Is Valentine’s Day worth celebrating?

All too soon Valentine’s Day (usually called Val’s Day) is here again and come Tuesday February 14, 2023, the Day will be celebrated in diverse ways all over the world.

Usually, weeks before the cel­ebration, shelves of stores are decorated in red, white, and pink. Reports indicate that the streets of Accra is already flooded with red, which is usually associated with love, in preparation towards Val’s Day and traders are taking advan­tage to cash in on the event.

Some restaurants, hotels and en­tertainment centres have not been left out but they are also making feverish preparations to welcome and entertain guests all in the name of Val’s Day.

Despite the history surround­ing Valentine’s Day, when a Priest named Valentine was executed for breaking the law and secretly performing marriages for young men which was forbidden, the Day has now evolved into a day when lovers take the opportunity to renew their love, friendship and admiration for one another.

While lovers spend quality time together to reignite their love with families and friends others exchange gifts such as chocolates, bouquet of flowers, greeting cards, toffees, dresses, food and drinks.

Although the celebration of Val’s Day has become a commercial venture sometimes with its relat­ed stress, one needs to be mindful of the fact that showing love can be a token, which is not so expen­sive. What is more important is the acknowledgement of love and admiration to keep the relationship vibrant.

Sometimes the expectations from some partners may be so high that eventually it leads to disap­pointments but one needs not spend lavish gifts to express love. If you cannot afford lavish gifts, celebrate it in moderation.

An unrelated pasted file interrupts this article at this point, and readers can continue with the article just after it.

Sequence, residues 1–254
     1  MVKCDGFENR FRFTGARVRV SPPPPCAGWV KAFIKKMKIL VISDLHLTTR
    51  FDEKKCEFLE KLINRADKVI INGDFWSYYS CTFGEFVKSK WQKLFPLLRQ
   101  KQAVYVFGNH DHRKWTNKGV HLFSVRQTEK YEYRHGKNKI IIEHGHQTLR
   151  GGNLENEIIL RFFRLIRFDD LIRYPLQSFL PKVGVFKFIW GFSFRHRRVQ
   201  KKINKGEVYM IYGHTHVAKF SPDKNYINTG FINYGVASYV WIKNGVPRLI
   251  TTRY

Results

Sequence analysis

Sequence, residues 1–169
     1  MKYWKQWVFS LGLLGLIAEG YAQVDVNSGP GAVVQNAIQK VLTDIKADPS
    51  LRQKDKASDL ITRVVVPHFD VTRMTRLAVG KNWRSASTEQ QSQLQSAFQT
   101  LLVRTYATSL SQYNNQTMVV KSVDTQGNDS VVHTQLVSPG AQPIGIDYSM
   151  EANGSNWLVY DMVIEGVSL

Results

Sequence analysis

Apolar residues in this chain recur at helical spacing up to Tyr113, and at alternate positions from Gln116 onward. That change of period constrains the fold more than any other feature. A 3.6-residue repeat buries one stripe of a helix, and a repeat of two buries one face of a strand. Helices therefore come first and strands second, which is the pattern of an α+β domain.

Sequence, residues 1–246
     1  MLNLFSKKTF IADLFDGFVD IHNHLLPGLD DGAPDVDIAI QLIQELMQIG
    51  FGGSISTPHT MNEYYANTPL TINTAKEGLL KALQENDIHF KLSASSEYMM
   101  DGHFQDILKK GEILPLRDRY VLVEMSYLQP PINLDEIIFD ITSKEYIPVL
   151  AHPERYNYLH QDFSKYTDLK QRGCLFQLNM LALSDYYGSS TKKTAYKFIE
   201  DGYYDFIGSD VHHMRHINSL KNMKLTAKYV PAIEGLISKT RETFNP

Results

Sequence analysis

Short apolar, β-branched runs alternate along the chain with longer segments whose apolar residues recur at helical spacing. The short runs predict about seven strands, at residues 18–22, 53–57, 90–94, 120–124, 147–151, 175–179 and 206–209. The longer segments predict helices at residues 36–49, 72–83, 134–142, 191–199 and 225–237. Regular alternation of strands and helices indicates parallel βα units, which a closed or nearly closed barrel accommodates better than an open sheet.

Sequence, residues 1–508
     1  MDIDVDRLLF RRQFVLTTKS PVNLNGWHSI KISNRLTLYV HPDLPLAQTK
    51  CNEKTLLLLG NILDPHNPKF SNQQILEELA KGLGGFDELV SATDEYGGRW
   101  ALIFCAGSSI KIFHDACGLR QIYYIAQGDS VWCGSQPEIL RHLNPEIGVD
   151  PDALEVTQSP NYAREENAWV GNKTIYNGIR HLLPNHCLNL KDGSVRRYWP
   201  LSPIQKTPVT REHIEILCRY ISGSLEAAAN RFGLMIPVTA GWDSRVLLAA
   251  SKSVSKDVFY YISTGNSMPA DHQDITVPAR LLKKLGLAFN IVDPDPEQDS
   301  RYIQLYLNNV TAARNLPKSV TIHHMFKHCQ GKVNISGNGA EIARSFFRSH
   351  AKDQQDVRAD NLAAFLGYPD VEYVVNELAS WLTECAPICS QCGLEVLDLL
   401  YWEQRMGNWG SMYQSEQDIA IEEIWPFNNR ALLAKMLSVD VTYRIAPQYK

It is surprising that despite the noise made about Valentine’s Day some Ghanaians are not perturbed at all by its celebration which is observed all over the world.

Some are of the view that partners need to express their love everyday and should not wait for Val’s Day before they do so. Others consider it a ‘taboo’ and would not even dream of celebrating it.

The Spectator is of the view that whatever it is Val’s Day is now cel­ebrated as National Chocolate Day for the consumption of chocolate to promote made-in-Ghana chocolate and other cocoa products, which has caught on well with many Ghanaians and that in itself is refreshing.

Valentine’s Day is now a Day for love and chocolate so more people buy chocolate to share with their loved ones on this special day. It is no more a Day when most of the youth engage in promiscuity; it is a day to eat more chocolate and pro­mote Ghana’s chocolate products.

We say a big thanks to Jake Obetsebi-Lamptey (of blessed mem­ory), the then Minister of Tourism in 2007 who spearheaded this great initiative and announced that Val’s Day would be replaced with the celebration of chocolate.

So whether you are in a relation­ship or not the Day offers a good op­portunity to take time off your busy schedule and spend time with your family and friends to share happy moments and eat chocolate.

The Ghana Cocoa Board (COCO­BOD) must also ensure that made-in-Ghana chocolate is available and affordable for people to consume chocolate and its other products to stay healthy.

Let us be kind and share what we have with the needy in our own small way to make Valentine-Choco­late Day worth-celebrating.

Google+ Linkedin

Leave a Reply

Your email address will not be published. Required fields are marked *